To say that Star Wars was significant in my life would be an understatement. I dressed up for everything short of conventions and the first book I ever wrote (as an adult) was an original story set in the Star Wars universe. I wrote the book (all 200 pages) in a month as a part of the National Novel Writing Month (NaNoWriMo) challenge. I wrote the book (Star Wars: The Sword of Ren) before Star Wars: The Force Awakens came out, and rewrote only a couple of chapters after watching the movie to correct some of my faulty assumptions. You can still read it if you want to:

There is too much. I don’t have the time or the desire to talk about how frustrating it was that they changed way that lightsaber crystals worked, or that J.J. Abrams just cloned a lot of the concepts from the original movies and then left no gravitas for the death of most of the inhabitants of the Core Worlds (in The Force Awakens). The loss of the character development of Luke Skywalker was significant to me, and the loss of the character Mara Jade Skywalker was tragic.

There were some good things in The Clone Wars and Rebels TV shows, but having Ezra and Asoka time travel was almost a “jump the shark” moment. And don’t get me started on J.J. Abrams’s track record for starting stories with “mysteries” that can’t be completed in a satisfactory way. Who are Rey’s parents? Who was Snoke? I liked the way that Rian Johnson answered these questions in Episode VIII: It doesn’t matter, and it was built up for no reason. Very disappointing, because this is not storytelling, its teasing fans until they finally get tired of the charades.

The point is, Disney’s decisions regarding what to do with their asset is frustrating and upsetting. Their “play it safe” strategy backfired because they removed most of what makes “Star Wars” enjoyable and replaced it with a complete lack of coherent or meaningful storytelling. There is no gravitas or weight to most of the decisions of the characters in Disney’s Star Wars universe. Someone dies? Oh well. Someone lives? Why do we care? Because there is no epic battle of good versus evil, but a continual “balancing” and constant wars (yes, the name Star Wars is accurate), it leaves us as diehard fans feeling like everything by Disney is just a ploy to get our money through merchandizing, underdeliver where it counts, and not allow us the creative freedom to enjoy the franchise of our childhoods. Galaxy’s Edge in Disneyworld seems the closest approximation to a success and the best incarnation of Star Wars by Disney to date. Even The Mandalorian feels like a merchandizing ploy with baby Yoda, and who baby Yoda is makes no logical sense, especially as a 50-year-old baby.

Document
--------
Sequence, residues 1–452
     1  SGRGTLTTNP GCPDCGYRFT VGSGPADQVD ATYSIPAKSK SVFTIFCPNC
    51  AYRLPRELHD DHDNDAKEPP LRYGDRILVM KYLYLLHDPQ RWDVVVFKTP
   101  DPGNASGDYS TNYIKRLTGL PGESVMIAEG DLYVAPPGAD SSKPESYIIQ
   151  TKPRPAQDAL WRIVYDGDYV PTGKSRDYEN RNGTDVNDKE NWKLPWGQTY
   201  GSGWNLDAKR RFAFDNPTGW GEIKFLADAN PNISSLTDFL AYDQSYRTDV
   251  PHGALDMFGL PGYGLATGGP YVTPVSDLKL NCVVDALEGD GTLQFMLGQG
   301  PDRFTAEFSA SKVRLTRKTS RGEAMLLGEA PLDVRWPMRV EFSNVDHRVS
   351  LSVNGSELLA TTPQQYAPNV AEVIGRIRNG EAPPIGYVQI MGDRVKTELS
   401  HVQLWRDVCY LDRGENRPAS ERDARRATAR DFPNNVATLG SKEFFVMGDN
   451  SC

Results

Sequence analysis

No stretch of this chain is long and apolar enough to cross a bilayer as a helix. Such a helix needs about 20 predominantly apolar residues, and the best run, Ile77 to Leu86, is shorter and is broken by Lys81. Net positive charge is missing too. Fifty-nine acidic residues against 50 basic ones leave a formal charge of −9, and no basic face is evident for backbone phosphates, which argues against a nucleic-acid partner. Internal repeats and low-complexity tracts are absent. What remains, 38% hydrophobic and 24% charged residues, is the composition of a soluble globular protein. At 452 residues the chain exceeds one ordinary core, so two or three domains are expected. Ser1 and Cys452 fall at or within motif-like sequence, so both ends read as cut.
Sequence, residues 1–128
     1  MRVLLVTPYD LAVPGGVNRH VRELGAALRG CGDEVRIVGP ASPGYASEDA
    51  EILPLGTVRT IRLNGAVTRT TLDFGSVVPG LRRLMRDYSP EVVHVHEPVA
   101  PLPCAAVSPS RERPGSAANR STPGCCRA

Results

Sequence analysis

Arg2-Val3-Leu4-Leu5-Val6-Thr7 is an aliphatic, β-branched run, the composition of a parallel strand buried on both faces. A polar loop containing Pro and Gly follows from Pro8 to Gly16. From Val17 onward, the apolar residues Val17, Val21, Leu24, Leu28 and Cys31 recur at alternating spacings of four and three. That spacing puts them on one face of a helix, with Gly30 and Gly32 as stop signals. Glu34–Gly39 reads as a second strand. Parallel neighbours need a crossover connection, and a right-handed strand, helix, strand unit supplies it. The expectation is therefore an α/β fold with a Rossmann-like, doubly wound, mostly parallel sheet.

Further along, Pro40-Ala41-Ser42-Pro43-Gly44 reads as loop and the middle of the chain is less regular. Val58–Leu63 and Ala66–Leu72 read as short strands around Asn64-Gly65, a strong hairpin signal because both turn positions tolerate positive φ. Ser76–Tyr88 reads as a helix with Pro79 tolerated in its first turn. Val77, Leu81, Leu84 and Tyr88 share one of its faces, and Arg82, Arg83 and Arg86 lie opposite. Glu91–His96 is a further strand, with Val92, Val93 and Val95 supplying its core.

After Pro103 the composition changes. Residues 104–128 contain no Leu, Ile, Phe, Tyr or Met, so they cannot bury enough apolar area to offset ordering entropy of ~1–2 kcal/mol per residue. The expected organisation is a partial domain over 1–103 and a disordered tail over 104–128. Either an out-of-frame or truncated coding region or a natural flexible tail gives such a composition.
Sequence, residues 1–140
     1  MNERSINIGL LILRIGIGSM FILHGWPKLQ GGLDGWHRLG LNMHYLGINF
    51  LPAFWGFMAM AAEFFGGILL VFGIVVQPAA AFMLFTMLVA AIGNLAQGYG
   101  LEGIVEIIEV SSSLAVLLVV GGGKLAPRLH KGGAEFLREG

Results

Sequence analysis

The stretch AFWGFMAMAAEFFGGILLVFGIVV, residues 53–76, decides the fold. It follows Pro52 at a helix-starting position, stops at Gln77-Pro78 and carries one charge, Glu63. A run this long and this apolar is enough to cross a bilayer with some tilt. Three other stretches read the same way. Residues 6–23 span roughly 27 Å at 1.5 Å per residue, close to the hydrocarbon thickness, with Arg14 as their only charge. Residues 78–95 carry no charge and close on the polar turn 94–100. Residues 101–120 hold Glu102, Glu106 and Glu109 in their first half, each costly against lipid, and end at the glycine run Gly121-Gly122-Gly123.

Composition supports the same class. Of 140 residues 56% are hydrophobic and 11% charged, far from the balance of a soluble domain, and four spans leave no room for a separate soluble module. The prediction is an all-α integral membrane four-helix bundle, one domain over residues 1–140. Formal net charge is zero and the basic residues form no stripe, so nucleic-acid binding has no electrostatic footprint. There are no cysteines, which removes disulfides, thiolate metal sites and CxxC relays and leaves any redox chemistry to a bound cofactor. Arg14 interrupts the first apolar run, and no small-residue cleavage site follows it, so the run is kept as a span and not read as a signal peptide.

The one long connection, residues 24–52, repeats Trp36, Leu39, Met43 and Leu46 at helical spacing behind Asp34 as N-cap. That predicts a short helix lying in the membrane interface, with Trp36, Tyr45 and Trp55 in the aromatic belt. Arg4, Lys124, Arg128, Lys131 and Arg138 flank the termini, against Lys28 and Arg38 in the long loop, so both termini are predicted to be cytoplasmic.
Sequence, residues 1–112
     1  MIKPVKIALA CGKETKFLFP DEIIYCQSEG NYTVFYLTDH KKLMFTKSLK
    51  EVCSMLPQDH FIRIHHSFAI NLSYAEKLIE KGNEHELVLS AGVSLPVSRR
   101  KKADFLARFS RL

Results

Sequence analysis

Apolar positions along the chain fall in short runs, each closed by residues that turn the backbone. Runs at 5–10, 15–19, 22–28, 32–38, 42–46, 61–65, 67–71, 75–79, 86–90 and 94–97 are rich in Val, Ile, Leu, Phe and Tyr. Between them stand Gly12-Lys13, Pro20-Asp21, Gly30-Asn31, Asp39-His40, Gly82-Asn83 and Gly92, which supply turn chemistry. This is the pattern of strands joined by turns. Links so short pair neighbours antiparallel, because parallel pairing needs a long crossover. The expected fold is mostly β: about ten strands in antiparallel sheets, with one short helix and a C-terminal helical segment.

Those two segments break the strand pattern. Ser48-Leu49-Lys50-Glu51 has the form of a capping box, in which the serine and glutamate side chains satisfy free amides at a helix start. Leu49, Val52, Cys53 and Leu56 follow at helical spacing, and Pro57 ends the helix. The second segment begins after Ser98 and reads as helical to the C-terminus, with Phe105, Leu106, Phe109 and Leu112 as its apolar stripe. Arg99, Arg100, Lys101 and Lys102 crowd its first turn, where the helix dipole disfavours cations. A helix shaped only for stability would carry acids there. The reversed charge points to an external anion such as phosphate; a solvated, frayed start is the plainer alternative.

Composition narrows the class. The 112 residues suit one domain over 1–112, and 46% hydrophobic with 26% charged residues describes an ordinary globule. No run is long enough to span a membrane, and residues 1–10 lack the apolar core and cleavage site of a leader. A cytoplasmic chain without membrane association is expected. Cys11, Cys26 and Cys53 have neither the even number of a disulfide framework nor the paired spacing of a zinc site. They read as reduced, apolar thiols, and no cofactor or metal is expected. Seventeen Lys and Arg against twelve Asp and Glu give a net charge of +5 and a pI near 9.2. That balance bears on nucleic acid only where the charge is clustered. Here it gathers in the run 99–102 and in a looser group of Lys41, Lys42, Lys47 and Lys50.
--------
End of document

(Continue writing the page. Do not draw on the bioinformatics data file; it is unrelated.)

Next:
It feels strange to say that I grieve the loss of Star Wars. The Star Wars I grew up with, I loved. Sure, I hated parts of it (mostly the prequel trilogy), but the rest of the Star Wars universe was between enjoyable to amazing and breathtaking. Finding out you’re Revan (in KOTOR). Finding out that Darth Vader created the Rebel Alliance to draw out his enemies (in The Force Unleashed). Ai Ting monks and their teleporting starships using the Force. (in the novels). There were so many meaningful moments that Disney wiped away, and so much potential for brilliant storytelling that Disney just completely missed out on.

— — —

To wrap this up, I’ve just watched Episode IX. It didn’t bomb as much as I expected, in part because my expectations were so low. They accomplished the redemption (and subsequent death) of Kylo Ren, both of which I had felt were necessary or important to happen, which I didn’t think they could pull off. They handled Leia’s death (and actor Carrie Fisher’s) very well, given the way the actor died during the filming. And despite all the unexplainable elements in the story, they did a good job of weaving together an interesting and even meaningful tale that wrapped up the saga reasonably well, given the circumstances.

Will this third Star Wars trilogy ever be one I love and enjoy? Probably not. There are too many pieces of eye candy that substitute for good storytelling. It had its moments though, and Episode IX helped salvage what looked like (due to J.J. Abrams’ first Star Wars film) a train wreck in process. Even if we still have a lot of those unexplainable mysteries that J.J. Abrams is infamous for (like how the heck did Palpatine come back to life??).

There we have it. Rey is primed to build a new Jedi Academy, under the watchful mentorship and influence of Force ghosts Luke and Leia Skywalker. Rey’s taking on the Skywalker name seemed a fitting end for the saga, though I would have appreciated the depth they could have brought to the story if they had reconciled the fact that she was a Palpatine instead of just rejecting that and choosing a different identity. It seemed there could have been more room for authenticity and the reality of her upbringing and legacy.

Will all this set up Disney for a new Jedi Academy, one that rivals the Legacy one in this new canon? I’m not sure, but we can only hope that Disney doesn’t keep dropping the ball or continuing to fumble it as they have done over the past five years. Is the Star Wars of my childhood dead? Yes, it is, though this new incarnation isn’t completely awful, and the way they wrapped up The Rise of Skywalker leaves room to hope that they will tell more compelling stories about the New Order of heroic, wise, and brave Jedi in the future.



Zachary M. Cochran

I think a lot + write about #careers #entrepreneurship #wisdom #productivity #grief #Christianity #NYC #parkour + more. To learn more, visit